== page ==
But CEOs think differently. Many former and current professional executives believe that managing the owner is an important part of the executive’s job. Indeed, some CEOs admit that they devote nearly half of their time to managing the owner. For example, one CEO who worked with one of the best-known owners in Turkey, noted that he spent 40 percent of his time managing the owner. He detailed what he did in this 40 percent of his time as follows: “I would finish my work at 14.30 every day. The boss would come at 15.00. From that moment on, I would tell everybody, ‘I am not here’. Because in order for the system which had been established to function healthily, it was necessary for me to keep the owner under control.”

This CEO, who did not wish to be named, added that he had at least three power struggles with his old boss. He outlined his personal formula to ensure that a balanced relationship between CEO and boss as follows: “We had a power struggle but there was a breaking point. You need to make the boss feel like the boss. You give him a pawn but you take the rook and the king. This is the key to f managing the owner.”

The Problem Of Always Waiting For Approval
İbrahim Betil worked for many years as a high level executive in the banking sector and is one of the lucky people who did not have many confrontations with his bosses. He says that, when he was working as a professional executive, he almost never met with the boss or family members. He continues as follows: “For this reason, the problem of managing the owner never arose. I was very lucky that I worked as a professional executive with Ayhan Şahenk and Mehmet Emin Karamehmet.”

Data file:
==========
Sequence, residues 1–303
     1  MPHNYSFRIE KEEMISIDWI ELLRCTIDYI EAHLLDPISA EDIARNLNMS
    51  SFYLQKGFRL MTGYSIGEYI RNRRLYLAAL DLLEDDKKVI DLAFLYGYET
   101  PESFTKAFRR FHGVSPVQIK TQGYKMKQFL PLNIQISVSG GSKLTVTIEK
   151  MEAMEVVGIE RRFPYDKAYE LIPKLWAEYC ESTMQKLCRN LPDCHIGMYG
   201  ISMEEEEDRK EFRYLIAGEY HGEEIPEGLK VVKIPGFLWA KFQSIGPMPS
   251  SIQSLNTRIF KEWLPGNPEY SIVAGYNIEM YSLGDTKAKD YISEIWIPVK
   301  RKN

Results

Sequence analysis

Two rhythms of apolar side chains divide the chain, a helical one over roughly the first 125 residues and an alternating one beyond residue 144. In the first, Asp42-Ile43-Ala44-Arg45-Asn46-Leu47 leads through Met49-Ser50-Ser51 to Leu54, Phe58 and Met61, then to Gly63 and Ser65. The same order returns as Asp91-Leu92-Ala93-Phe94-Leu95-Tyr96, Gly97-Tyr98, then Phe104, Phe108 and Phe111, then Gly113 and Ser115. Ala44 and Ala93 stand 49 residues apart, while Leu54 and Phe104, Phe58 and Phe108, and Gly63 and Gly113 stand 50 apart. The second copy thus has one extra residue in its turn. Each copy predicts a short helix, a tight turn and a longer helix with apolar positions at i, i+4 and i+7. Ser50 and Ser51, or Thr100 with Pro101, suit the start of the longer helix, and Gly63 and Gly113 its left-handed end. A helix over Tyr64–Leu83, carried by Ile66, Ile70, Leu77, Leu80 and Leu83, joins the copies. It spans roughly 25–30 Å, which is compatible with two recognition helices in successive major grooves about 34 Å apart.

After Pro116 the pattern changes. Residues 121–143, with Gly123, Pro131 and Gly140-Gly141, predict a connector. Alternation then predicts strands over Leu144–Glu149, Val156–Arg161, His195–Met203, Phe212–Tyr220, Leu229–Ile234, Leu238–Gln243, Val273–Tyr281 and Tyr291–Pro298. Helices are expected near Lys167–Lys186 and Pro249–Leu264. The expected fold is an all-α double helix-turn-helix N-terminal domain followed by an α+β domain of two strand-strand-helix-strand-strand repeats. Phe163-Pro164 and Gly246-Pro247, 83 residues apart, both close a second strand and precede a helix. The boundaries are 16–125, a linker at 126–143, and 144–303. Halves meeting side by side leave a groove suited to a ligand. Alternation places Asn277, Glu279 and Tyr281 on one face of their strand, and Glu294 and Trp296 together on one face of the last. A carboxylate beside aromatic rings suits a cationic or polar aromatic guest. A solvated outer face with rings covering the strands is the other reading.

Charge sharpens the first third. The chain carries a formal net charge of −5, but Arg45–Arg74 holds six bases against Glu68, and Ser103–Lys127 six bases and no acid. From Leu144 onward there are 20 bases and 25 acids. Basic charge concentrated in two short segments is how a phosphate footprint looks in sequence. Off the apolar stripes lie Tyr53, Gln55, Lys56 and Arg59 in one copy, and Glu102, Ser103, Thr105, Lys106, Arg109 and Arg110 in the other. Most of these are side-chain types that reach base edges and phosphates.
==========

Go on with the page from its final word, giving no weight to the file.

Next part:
According to Betil, for professional executives in companies which are determined to professionalize their management, the extent of the freedom to work independently of the owner is directly related to the degree to which the executives are prepared to take responsibility for their decisions. But, if a professional hesitates when making decisions, avoids responsibility and seeks the approval of the owner for everything that he does, then both he and his boss will lose out as a result.

 “A Ceo Who Spends A Lot Of Time With The Owner Should Be Fired”

The Five Rules Of Effective Leadership
 There are five basic rules executives should follow In order to be an effective leader. They are: managing the company as a strategist, executing the strategy, developing human resources by training the next generation, making sure that the workforce will do what needs to be done quickly, and -- most importantly -- having a good character and the ability to learn fast.

A Good Ceo Agrees With The Boss
 For this reason, a CEO who has a disagreement with the board or the owner, should see where he has not applied effective leadership and take measures accordingly. A good CEO should reach an agreement at the beginning of the year with the board of directors or the owner about targets and make sure that everything is very clear.

When Do Things Go Wrong?
 I have never forgotten the definition of bureaucracy that I heard from a very well known leader: “Bureaucracy is turning your back to the customer and your face to the boss.” If a CEO is spending a lot of time managing the owner then I can say that something is going wrong. Because when CEOs spend most of their time with the owners, they cannot create value in terms of fulfilling expectations. I think a CEO who spends a lot of time with the owner should be fired.